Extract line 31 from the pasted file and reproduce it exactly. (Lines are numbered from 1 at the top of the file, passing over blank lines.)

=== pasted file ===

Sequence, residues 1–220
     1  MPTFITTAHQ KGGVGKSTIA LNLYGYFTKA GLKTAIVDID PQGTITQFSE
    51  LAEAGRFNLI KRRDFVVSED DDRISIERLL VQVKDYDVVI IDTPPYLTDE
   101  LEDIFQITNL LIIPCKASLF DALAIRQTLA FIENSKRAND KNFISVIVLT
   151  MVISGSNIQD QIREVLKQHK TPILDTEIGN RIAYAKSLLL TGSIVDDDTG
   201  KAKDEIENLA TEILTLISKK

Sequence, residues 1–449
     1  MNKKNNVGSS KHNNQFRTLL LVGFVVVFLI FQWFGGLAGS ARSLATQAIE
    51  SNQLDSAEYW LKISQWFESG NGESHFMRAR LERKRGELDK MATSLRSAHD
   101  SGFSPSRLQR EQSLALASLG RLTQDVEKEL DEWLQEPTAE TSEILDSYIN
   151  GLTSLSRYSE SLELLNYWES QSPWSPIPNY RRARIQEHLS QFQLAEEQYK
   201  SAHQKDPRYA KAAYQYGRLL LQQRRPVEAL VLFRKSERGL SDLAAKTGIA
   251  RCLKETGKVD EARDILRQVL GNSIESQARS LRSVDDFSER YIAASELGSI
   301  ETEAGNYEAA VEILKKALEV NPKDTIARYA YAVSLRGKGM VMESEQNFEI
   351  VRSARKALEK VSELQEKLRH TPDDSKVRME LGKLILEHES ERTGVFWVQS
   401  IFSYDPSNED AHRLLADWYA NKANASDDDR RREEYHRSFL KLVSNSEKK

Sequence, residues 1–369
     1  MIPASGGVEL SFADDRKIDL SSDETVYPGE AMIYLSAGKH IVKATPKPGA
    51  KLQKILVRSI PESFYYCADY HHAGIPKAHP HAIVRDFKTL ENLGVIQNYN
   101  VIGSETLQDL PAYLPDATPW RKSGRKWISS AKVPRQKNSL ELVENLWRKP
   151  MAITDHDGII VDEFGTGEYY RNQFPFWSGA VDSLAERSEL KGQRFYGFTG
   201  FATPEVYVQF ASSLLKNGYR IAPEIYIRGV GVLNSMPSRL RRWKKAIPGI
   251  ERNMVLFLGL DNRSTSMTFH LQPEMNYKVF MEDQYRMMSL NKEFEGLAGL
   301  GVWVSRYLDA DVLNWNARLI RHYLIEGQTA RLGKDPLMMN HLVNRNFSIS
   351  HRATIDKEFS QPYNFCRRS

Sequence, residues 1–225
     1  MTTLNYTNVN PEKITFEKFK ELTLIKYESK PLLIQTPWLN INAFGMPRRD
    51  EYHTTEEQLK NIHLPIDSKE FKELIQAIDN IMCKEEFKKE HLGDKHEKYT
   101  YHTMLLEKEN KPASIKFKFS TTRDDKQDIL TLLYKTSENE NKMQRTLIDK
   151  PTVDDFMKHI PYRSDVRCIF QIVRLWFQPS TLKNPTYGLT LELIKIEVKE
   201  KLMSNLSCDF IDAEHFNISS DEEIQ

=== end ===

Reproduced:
   201  KLMSNLSCDF IDAEHFNISS DEEIQ